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Section 9.3 - Limiting Reagent and Percent Yield
Limiting Reagent In preparing cup cakes, there may be one ingredient which determines how many cup cakes you can make.
The ingredient which limits the number of cup cakes which can be made is the limiting ingredient. When you run out of it, you can’t make any more.
When two or more chemicals react, there may be one chemical which determine the amount of product formed.
When one reactant is used up, the reaction will stop. Once the reaction stops, no more products will form.
The substance that limits the amount of product that can form is called the limiting reagent.
The balanced equation tell us the mole ratio of reactants to products. Using this mole ratio, we can determine the amount of product produced from the amount of reactant used.
In the equation C 3 H 8(g) + 5 O 2(g) 3 CO 2(g) + 4 H 2 O (g) 1 mole of propane gas will combine with 5 moles of oxygen gas to form 3 moles of carbon dioxide gas and 4 moles of water vapor.
If we react 1 mole of C 3 H 8 with only 4 moles of O 2, we will not get 3 moles of CO 2 produced or 4 moles of H 2 0.
The O 2 is the limiting reagent. The amount of O 2 used determines how much CO 2 and H 2 O will be produced.
Under these conditions, the reaction will only occur until the oxygen is used up.
The amount of product(s) formed is determined (limited) by the amount of the limiting reagent.
A set of blocks contains 5 red blocks, 4 green blocks, and 3 blue blocks. If we have 1000 blocks of each color, how many sets of blocks can we make? How many blocks of each color will remain?
Hydrogen reacts with chlorine to form hydrogen chloride according to the equation: H 2(g) + Cl 2(g) 2 HCl (g) Example:
If you begin with 2.5 moles of H 2 and 3.25 moles of Cl 2, what is the limiting reagent? Explain. How many moles of HCl will be produced? Example:
Theoretical Yield The amount of product(s) formed if all of the limiting reagent is consumed is called the theoretical yield of product(s).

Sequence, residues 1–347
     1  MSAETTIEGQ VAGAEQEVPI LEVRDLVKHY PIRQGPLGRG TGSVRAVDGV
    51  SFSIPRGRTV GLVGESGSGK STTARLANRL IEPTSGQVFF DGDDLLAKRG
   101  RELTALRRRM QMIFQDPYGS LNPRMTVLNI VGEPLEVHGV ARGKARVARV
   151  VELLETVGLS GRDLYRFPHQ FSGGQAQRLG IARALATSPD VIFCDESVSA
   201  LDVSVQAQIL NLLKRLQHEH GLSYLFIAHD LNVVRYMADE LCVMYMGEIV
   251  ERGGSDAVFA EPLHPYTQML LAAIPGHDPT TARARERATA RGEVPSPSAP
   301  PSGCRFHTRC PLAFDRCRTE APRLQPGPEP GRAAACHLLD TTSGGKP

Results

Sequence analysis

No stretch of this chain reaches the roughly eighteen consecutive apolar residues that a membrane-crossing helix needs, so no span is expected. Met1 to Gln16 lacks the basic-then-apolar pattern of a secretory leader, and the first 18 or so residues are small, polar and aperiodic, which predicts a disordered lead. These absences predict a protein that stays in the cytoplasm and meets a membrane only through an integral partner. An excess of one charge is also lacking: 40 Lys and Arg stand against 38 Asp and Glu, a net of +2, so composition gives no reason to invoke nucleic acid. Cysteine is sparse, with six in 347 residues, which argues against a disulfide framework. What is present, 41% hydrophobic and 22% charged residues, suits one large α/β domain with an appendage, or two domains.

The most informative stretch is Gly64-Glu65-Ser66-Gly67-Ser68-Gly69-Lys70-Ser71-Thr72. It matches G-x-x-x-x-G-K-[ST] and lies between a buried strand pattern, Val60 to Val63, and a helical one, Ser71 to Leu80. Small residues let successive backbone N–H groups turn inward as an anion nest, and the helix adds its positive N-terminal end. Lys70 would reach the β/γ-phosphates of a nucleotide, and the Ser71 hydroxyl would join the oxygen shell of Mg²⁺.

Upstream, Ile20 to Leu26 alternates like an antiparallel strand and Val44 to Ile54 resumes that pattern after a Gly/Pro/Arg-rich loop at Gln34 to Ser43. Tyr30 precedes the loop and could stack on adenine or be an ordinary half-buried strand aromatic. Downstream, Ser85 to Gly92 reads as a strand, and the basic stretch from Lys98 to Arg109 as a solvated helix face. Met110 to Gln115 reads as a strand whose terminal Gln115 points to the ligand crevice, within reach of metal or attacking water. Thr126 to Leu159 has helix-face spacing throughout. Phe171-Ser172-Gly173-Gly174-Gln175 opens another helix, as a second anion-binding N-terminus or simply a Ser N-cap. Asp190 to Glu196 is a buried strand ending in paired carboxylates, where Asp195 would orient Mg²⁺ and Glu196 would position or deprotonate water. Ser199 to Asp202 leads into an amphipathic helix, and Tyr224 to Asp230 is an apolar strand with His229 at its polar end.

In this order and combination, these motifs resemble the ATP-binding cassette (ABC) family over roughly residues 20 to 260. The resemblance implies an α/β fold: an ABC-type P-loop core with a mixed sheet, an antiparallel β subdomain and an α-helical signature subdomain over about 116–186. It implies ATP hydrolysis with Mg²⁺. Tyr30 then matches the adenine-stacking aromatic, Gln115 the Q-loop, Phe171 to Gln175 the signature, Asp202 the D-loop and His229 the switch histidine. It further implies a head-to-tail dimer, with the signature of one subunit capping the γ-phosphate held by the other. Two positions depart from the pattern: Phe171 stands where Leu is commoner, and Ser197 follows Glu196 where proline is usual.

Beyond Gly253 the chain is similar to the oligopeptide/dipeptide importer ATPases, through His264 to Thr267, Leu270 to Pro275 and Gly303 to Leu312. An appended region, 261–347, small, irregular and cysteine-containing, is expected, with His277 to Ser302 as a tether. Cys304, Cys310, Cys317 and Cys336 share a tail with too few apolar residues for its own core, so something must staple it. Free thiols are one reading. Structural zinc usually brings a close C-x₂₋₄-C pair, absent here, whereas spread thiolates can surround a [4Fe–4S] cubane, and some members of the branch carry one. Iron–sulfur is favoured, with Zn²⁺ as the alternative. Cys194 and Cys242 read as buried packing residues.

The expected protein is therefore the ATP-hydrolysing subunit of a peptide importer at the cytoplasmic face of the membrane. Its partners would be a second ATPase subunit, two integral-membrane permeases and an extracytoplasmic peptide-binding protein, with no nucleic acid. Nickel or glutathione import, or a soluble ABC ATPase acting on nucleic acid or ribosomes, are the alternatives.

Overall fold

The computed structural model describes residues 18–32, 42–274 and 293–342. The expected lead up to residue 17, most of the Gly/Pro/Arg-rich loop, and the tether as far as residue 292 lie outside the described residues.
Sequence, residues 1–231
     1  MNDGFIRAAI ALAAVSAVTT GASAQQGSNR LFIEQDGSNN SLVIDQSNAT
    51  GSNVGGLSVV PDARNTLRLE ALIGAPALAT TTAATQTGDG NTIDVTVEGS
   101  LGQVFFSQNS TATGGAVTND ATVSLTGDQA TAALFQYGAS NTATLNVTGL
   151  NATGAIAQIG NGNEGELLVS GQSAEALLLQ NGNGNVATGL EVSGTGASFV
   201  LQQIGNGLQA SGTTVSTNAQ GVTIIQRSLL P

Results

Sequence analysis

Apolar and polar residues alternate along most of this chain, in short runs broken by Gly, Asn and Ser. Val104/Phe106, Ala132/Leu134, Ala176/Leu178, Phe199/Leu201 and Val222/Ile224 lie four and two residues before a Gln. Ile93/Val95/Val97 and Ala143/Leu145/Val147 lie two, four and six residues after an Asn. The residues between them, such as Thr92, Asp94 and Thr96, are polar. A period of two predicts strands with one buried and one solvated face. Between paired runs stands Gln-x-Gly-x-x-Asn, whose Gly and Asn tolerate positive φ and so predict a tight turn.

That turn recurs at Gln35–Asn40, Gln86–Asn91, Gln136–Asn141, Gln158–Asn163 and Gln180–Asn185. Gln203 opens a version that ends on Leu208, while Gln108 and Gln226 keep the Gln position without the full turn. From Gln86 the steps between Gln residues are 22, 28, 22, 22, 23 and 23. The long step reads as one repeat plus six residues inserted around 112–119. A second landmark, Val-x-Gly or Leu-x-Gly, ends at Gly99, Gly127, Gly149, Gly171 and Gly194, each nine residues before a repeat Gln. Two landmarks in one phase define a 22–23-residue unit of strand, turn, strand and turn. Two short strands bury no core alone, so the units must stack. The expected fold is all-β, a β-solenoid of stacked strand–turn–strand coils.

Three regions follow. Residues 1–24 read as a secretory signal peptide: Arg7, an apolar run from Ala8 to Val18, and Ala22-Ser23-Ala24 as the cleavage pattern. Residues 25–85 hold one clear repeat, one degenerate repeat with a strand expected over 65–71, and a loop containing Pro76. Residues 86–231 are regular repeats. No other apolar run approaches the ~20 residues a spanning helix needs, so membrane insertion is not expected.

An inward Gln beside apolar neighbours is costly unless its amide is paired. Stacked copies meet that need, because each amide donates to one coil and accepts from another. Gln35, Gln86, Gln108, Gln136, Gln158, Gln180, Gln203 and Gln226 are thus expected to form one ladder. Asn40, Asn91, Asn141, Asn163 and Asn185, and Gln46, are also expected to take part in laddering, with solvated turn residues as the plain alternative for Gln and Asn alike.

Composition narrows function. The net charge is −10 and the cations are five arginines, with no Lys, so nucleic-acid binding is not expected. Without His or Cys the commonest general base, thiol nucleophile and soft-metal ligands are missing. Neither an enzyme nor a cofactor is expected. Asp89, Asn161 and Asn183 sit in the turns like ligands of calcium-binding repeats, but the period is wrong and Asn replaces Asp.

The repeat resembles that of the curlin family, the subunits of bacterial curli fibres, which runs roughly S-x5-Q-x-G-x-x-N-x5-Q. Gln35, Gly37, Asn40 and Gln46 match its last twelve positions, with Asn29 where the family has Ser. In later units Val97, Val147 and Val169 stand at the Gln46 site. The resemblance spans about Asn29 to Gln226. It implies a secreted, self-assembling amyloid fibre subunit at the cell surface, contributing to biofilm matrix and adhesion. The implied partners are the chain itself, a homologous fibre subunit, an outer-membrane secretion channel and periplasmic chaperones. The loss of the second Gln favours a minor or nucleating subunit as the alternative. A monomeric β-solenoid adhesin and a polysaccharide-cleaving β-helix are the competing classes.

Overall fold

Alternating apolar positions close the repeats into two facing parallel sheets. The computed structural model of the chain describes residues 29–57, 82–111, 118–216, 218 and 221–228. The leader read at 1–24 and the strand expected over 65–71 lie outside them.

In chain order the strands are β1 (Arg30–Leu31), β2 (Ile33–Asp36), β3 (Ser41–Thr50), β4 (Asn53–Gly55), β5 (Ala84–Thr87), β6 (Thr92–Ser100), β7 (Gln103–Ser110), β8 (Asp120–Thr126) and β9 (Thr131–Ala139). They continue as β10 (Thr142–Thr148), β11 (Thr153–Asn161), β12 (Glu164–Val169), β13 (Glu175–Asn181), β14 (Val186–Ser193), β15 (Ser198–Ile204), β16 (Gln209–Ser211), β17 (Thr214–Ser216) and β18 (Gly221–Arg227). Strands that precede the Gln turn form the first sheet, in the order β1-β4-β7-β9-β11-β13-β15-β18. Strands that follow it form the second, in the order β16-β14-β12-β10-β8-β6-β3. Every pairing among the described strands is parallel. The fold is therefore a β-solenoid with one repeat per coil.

In order to determine the theoretical yield, you must first determine the limiting reagent.
In order to determine the limiting reagent, you must calculate the amount of product formed if each reactant is assumed to be completely consumed.
The reactant that produces the least amount of product is the limiting reagent. The other reactant is said to be “in excess”.
The least amount of product formed from the limiting reagent reacting with an excess of the other reactant is the theoretical yield.
Example: Supposed you were asked to make sandwiches for the church picnic. Each sandwich requires 2 slices of bread and one slice of ham.
Example: You are given 100 slices of bread and 60 slices of ham. What is the limiting reagent? What is the theoretical yield?
Percent Yield In calculating the theoretical yield, you assume that all of the limiting reagent is transformed into product. This is not always the case.
Sometimes all of a limiting reagent is not converted to product. Sometimes part of the product is lost in the recovery process.
As a result, the actual yield is not always equal to the theoretical yield.
The actual yield is what you get under your specific laboratory conditions. The theoretical yield is what you would get under ideal laboratory conditions.
We often compare the actual yield to the theoretical yield in terms of the percent yield.
The percent yield is a ratio of actual yield to theoretical yield expressed as a percent.
Example: Silicon reacts with oxygen to form silicon dioxide Si (s) + O 2(g) SiO 2(s) How many grams of silicon dioxide will form when 20.0 g silicon are mixed with 20.0 g of oxygen?
Example: Silicon reacts with oxygen to form silicon dioxide Si (s) + O 2(g) SiO 2(s) If the actual yield of SiO 2 is 32.5 g, calculate the percent yield.
42.8 g SiO 2 is produced if Si is the limiting reagent.
37.6 g SiO 2 is produced if O 2 is the limiting reagent.
O 2 is the limiting reagent.
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